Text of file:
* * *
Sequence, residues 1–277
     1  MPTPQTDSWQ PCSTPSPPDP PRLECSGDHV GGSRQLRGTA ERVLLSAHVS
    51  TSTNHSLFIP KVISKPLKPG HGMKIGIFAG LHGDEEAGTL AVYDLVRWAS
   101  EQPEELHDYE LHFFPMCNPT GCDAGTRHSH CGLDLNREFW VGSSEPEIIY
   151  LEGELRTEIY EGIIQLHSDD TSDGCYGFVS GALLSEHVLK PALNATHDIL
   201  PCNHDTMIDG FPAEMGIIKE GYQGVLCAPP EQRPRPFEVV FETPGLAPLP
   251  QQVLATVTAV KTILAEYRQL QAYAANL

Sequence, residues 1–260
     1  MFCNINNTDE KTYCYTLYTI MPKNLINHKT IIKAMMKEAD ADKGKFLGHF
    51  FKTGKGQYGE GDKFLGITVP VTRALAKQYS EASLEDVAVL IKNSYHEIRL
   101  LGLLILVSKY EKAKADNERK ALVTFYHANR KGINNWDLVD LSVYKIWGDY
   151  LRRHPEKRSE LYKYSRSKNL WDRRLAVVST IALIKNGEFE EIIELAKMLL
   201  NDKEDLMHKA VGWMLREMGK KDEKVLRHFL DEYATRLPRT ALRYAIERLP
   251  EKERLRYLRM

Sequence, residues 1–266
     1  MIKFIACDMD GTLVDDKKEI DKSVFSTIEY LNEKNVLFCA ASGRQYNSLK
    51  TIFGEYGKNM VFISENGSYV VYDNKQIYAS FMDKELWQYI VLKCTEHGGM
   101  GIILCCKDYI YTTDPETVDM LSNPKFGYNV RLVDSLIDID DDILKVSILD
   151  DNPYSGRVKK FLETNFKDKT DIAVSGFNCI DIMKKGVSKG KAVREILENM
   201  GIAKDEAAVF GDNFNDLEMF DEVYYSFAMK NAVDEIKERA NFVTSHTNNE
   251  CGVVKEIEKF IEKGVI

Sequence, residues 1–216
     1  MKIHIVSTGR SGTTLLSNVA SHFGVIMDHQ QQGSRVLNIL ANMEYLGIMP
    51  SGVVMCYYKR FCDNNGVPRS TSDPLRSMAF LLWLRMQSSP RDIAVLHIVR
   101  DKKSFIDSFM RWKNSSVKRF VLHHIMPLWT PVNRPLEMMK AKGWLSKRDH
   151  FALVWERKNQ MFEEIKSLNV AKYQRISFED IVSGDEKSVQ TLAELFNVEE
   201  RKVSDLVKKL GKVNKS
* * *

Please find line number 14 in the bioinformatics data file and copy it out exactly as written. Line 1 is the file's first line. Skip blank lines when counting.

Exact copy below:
   251  EKERLRYLRM